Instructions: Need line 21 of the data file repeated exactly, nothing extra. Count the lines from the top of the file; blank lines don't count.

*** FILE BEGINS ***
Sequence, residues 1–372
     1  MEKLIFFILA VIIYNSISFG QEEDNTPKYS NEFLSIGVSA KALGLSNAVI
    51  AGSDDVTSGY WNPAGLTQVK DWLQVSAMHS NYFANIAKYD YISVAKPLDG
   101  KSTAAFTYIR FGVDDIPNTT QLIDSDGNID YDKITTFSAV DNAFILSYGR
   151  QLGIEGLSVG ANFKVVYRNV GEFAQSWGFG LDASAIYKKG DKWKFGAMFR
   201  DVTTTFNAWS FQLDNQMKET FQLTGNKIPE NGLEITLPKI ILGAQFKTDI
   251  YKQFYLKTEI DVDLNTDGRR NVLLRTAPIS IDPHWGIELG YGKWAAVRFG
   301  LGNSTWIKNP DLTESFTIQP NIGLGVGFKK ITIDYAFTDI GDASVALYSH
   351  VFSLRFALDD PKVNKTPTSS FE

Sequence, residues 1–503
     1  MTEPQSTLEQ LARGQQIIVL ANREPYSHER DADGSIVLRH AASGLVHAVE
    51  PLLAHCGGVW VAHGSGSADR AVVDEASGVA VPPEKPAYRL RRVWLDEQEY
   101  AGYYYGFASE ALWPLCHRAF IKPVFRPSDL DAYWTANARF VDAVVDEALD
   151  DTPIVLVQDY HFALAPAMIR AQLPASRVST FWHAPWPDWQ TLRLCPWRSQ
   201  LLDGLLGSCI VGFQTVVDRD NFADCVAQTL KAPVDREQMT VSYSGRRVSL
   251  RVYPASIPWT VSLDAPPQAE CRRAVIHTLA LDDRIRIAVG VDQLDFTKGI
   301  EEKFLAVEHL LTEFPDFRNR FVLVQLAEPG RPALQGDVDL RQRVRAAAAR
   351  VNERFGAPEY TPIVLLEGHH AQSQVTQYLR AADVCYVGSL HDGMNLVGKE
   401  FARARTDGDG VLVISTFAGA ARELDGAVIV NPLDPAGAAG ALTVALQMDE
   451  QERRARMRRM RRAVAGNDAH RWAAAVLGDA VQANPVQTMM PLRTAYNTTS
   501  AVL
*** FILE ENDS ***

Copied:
   501  AVL